American Dictionary of the English Language

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1. The body of an animal; usually the body when dead. It is not applied to the living body of the human species, except in low or ludicrous language.

2. The decaying remains of a bulky thing, as of a boat or ship.

3. The frame or main parts of a thing, unfinished or without ornament. This seems to be the primary sense of the word. [See the next word.]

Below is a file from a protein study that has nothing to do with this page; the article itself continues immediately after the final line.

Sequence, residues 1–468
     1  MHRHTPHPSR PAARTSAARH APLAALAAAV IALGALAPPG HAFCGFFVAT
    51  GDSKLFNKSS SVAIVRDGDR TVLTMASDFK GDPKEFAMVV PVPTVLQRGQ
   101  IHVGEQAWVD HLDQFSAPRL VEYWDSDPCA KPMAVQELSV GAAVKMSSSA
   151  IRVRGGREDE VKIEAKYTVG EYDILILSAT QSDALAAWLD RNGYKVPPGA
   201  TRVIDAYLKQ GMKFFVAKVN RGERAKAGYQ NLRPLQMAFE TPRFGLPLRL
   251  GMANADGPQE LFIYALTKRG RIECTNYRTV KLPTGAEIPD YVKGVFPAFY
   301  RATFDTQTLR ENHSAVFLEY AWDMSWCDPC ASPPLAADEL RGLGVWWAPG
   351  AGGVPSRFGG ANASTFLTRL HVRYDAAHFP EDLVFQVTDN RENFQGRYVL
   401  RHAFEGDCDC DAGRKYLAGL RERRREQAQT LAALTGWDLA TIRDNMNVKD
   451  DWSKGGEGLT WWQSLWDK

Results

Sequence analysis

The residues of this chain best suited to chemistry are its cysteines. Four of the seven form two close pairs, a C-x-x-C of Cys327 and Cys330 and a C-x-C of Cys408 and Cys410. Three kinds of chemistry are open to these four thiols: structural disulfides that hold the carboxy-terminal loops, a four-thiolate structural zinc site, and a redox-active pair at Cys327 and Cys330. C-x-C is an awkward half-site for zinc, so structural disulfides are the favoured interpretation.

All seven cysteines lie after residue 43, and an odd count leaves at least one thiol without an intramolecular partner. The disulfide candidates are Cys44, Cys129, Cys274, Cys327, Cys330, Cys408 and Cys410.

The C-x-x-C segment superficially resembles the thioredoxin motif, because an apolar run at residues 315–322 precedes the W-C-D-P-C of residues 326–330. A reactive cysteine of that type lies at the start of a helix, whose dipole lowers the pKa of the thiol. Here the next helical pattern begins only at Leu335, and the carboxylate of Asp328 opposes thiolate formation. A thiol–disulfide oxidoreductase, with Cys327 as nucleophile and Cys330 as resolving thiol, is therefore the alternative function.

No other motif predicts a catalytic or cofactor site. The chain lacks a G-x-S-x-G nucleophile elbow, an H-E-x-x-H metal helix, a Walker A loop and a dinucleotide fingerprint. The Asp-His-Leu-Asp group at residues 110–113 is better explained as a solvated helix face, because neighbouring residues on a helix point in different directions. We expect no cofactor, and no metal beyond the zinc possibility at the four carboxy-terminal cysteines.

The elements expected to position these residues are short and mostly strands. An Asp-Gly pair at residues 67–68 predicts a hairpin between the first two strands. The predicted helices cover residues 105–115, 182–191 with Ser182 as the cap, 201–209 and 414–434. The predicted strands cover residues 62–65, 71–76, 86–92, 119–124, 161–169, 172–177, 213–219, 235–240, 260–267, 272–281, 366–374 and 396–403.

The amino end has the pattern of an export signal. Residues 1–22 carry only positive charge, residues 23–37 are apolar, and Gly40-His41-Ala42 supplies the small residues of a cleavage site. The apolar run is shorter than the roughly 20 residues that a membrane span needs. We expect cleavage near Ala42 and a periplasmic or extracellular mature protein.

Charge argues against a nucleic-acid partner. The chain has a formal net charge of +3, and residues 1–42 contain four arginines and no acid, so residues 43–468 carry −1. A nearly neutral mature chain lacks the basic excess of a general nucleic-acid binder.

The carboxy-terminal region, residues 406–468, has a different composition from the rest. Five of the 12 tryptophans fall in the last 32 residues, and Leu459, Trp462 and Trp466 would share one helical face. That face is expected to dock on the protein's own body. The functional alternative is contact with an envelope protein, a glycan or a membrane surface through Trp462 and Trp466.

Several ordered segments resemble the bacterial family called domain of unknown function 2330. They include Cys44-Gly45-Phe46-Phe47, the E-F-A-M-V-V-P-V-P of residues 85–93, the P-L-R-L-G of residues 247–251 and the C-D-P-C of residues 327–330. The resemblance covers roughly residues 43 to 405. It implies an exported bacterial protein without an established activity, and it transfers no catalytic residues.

CARCASS, noun An iron case or hollow vessel, about the size of a bomb, of an oval figure, filled with combustible and other substances, as meal-powder, salt-peter, sulphur, broken glass, turpentine, etc., to be thrown from a mortar into a town, to set fire to buildings. It has two or three apertures, from which the fire blazes, and the light sometimes serves as a direction in throwing shells. It is equipped with pistol-barrels, loaded with powder to the muzzle, which explode as the composition burns down to them. This instrument is probably named from the ribs of iron that form it, which resemble the ribs of a human carcass